Up until his disastrous switch to McLaren resulted in him being jettisoned by the Woking team just two years into his three-year contract, Daniel Ricciardo had a reputation for being one of the brightest talents on the Formula 1 grid.
The winner of seven grands prix with Red Bull added an eighth with a brilliant, unexpected victory at Monza in 2021, but that was not enough for him to save his drive after he ended 2022 having been out-scored by team mate Lando Norris by a combined 130 points over their two seasons together.
But while Ricciardo losing his driver with McLaren may not have been a shock to most fans, the fact that the 33-year-old disappeared off the grid entirely for 2023 was a surprise to many. With no race seat available to him – or at least none to his liking – Ricciardo instead signed with Red Bull to return to the team he had left just four years prior, only this time as their third driver.
This year, the only chance Ricciardo has of racing is if either Max Verstappen or Sergio Perez are physically unable to race during a grand prix weekend where he is the designated Red Bull reserve driver for that weekend and not Liam Lawson. But in all likelihood, the only driving Ricciardo will be doing with the team this season will be for demonstration runs of Red Bull’s many showcars.
Despite this, Ricciardo remains confident that his racing career in Formula 1 isn’t over just yet. In a recent interview with Red Bull’s own Red Bulletin, Ricciardo said attending the Australian Grand Prix in Melbourne made him realise he doesn’t want to throw in the towel on his F1 career.
“It certainly confirmed that I don’t feel done,” he said. “Of course, I don’t have a crystal ball, and I can’t guarantee that I’ll be racing next year. Last year, a part of me thought, ‘oh, maybe this is it,’ but now I feel that’s not how it’s going to end.”
But will Ricciardo really be able to find a way back on the grid in 2024?
Regardless of the fact he is effectively sitting out a season, Ricciardo remains one of the most outstanding candidates for drivers not on the F1 grid who may be deserving of a place on it. He is one of the most successful drivers of the last decade, with eight race victories to his name, and having regularly beaten two world champion team mates – Sebastian Vettel and Max Verstappen – during his time alongside them at Red Bull.
He is also just 33-years-old – easily a veteran, but far younger than the likes of Lewis Hamilton and Fernando Alonso. Even Nico Hulkenberg, who returned to the grid this season after multiple seasons out of F1, is older than the Australian.
Ricciardo was too slow at McLaren, but has been strong in all other circumstances. His talent and previous achievements make him worthy of a second chance on the grid.
With only 20 seats in Formula 1, only the very best drivers deserve to be given the chance to fill one of those limited placed on the grid. F1 is neither a charity, nor a social club – your past success means little if all you have to show from your recent seasons is being consistently out-performed by your younger and less-experienced team mate race after race.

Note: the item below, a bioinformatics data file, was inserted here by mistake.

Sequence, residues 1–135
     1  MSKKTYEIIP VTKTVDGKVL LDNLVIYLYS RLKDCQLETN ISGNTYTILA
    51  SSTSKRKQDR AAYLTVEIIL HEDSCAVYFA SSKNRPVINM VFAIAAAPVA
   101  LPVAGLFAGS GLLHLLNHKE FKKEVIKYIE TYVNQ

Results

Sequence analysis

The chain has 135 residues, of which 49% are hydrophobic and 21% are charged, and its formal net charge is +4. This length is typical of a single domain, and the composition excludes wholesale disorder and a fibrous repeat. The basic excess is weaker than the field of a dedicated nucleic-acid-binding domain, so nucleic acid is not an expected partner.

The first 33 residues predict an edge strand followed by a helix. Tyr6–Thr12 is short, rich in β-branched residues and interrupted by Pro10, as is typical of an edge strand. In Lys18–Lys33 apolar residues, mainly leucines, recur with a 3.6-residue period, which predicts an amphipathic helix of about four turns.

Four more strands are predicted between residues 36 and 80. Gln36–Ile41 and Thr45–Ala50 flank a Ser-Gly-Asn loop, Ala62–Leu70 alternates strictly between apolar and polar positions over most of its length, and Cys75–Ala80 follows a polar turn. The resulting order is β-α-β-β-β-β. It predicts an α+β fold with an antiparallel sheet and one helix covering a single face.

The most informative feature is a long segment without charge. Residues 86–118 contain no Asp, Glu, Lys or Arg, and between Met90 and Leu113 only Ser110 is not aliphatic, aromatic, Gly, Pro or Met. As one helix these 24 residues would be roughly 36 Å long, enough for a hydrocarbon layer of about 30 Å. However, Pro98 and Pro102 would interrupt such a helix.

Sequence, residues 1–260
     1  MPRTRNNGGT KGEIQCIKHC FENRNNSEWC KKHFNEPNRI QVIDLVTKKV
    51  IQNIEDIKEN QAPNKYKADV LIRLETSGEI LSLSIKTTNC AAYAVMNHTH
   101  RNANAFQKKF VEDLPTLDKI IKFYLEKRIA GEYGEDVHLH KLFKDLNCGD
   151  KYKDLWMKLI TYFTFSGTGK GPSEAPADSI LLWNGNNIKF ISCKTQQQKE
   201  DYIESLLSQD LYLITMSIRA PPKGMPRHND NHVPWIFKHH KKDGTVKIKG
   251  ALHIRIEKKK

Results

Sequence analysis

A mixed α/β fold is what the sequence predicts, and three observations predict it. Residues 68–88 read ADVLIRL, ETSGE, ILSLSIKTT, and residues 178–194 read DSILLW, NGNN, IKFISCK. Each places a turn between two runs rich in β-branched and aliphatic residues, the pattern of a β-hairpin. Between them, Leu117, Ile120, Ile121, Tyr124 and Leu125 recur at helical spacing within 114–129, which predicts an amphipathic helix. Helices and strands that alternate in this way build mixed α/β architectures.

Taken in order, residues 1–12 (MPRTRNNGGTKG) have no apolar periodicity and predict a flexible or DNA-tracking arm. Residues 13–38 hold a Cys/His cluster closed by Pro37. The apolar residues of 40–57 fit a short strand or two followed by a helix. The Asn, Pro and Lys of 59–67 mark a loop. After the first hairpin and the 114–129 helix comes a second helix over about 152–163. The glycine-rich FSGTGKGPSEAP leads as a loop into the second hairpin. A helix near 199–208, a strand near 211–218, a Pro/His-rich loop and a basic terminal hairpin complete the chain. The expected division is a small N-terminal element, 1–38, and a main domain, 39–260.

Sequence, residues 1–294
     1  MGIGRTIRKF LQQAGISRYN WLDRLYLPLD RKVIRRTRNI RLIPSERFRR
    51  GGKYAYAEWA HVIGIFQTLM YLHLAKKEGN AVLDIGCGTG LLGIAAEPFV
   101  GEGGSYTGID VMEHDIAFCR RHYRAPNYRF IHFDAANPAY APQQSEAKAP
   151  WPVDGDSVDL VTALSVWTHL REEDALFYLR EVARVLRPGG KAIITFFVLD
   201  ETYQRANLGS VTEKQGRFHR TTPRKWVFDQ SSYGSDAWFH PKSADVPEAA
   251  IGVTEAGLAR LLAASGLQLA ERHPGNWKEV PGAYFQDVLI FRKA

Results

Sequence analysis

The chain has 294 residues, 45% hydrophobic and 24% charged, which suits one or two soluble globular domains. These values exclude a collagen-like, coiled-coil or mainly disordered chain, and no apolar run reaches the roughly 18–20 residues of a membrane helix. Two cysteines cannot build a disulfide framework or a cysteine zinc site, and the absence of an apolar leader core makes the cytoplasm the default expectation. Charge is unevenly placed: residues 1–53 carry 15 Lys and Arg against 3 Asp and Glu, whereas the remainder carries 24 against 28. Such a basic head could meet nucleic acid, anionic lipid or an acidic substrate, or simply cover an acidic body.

For that reason, it’s hard to see why a team would choose to take a chance on Ricciardo – especially after a year out of the sport – in the hope that the version of him they get is the version that won seven races in a Red Bull or brought multiple podiums to Renault in his second season there. Especially when there are talented young drivers coming through into Formula 1 on an annual basis these days. Ricciardo has had his chance and, like many before him, it has come to an end.
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Daniel Ricciardo’s loss of speed during his time at McLaren has got to be one of the greatest mysteries in F1’s recent sporting history. There’s few other examples that come to mind where a driver who was considered a potential world champion appearing to lose so much speed in such a short space of time.
It’s because of that, and the drive he had in Italy that secured him that remarkable victory in 2021, that it is hard to believe that his ability has deserted him quite as dramatically as it appeared at times in 2022. And with the likes of Haas team principal Guenther Steiner admitting he approached Ricciardo late last year about a possible drive, it’s entirely possible that he will have racing options for 2024.
That is, of course, if he wants them. He has been very open about his desire that, if he is to race again in Formula 1, he is only looking at a top team – a team that can be in the fight for podiums and even victories. But it is extremely hard to see where that opportunity will come. Mercedes and Aston Martin are highly unlikely to pick Ricciardo to replace any of their current drivers, while Red Bull are unlikely to consider switching Sergio Perez for Ricciardo given that Perez is the best partner to Verstappen since Ricciardo himself.
That makes a return to a team that finishes in the bottom half of the championship more likely. Eventually, like many drivers have before, him, Ricciardo might well find out that his only option to get back into a race seat will be with a team whose aspirations lie in the midfield and in race wins. Unless something dramatic opens up at the front, he’s likely to find that will be his only choice. And then we shall see how high Ricciardo’s standards will stay.
Where do you think Daniel Ricciardo will be driving in 2024?
- Not racing in any series (10%)
- Racing in a series other than Formula 1 (32%)
- F1 – Remaining as a Red Bull third driver (31%)
- F1 – Racing for a bottom five team (23%)
- F1 – Racing for a top five team (3%)
Total Voters: 90
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